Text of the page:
26th May 09:39 PM
RBF Governor stresses that there is no link between liquidity and devaluation
By Vijay Narayan
Monday 11/03/2019
Governor of the Reserve Bank of Fiji Ariff Ali

Fiji has no bank liquidity or cash crisis.

The Governor of the Reserve Bank of Fiji, Ariff Ali has made it clear that there is more than 300 million dollars of liquidity available and it is sufficient at this stage.

Liquidity is the surplus money that the commercial banks have at the end of each day, earning no interest.

Ali says RBF is also making it clear that Fiji has enough cash in the stock to meet the demands of the public or the economy for the next 5 years or more, which clearly shows that there is no liquidity crisis.

He also says that the RBF could increase the level of liquidity tomorrow however this is not needed as the level is appropriate at this stage.

The RBF Governor also stresses that there is no link between liquidity and devaluation.

Ali says although there is a lot of talk on social media,   devaluation deals with foreign reserves and the reserves currently stands at a combined level of $2.5 billion which is a 1 billion dollars buffer compared to the International Monetary Fund benchmark.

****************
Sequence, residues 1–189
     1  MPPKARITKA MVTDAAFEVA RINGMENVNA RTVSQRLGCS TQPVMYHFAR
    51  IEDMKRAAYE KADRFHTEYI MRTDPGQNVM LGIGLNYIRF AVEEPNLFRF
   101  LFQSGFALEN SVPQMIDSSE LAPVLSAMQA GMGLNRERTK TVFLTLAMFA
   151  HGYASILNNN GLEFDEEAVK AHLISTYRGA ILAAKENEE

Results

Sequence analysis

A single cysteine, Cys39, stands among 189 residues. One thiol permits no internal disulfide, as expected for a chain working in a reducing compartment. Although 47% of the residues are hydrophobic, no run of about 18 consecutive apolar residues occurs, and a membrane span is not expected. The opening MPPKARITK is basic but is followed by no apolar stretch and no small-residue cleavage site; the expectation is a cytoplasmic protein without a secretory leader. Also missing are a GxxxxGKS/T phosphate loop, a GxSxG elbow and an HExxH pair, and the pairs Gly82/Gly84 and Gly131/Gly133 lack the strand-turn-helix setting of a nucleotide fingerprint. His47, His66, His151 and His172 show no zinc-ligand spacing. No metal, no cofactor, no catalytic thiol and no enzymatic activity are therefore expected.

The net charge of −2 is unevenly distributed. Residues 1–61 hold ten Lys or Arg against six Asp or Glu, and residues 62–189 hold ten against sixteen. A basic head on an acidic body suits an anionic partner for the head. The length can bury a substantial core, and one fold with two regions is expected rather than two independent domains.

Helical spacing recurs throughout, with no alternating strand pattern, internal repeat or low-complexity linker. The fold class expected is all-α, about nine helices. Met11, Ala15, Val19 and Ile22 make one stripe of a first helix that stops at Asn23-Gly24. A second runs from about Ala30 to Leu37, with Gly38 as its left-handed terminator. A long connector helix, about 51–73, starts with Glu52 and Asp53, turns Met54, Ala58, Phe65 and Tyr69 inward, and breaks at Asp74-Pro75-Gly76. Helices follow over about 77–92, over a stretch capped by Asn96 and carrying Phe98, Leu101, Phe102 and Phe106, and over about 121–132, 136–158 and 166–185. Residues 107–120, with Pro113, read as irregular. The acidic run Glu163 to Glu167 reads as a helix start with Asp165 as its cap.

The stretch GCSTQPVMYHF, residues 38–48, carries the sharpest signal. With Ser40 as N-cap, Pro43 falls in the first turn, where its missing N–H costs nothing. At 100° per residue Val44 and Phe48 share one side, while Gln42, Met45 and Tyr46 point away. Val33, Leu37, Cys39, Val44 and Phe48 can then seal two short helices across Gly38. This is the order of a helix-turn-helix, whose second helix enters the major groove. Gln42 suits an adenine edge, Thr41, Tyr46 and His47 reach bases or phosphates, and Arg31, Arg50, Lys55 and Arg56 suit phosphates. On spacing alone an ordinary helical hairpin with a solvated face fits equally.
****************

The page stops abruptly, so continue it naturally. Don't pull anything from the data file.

Ali says this equates to 4 months of import cover of goods and services, and there is more than enough foreign reserves.

He says they will continue to have a healthy buffer in foreign reserves and this is forecast for the next 3 years.

Meanwhile Opposition Whip Lynda Tabuya had claimed in a press statement that there is a growing liquidity problem that could lead to an economic crisis in Fiji.

Opposition Whip Lynda Tabuya

Tabuya says that there is growing evidence that the liquidity problem is worsening with major banks slowing or even halting new loan applications. 

She then went on to say that low liquidity affects ordinary citizens because it can lead to inflation, higher interest rates, higher prices for goods and services, unemployment and in worse case situations, devaluation of our currency.

Tabuya says the top commercial banks in Fiji have slowed and in some cases halted or postponed new loans and property settlements  because they simply don’t have enough cash on hand to meet needs.

Ali stresses that the RBF’s independent assessment continues on a daily basis and there is no liquidity problem for Fiji and people should not spread misinformation or create fear.

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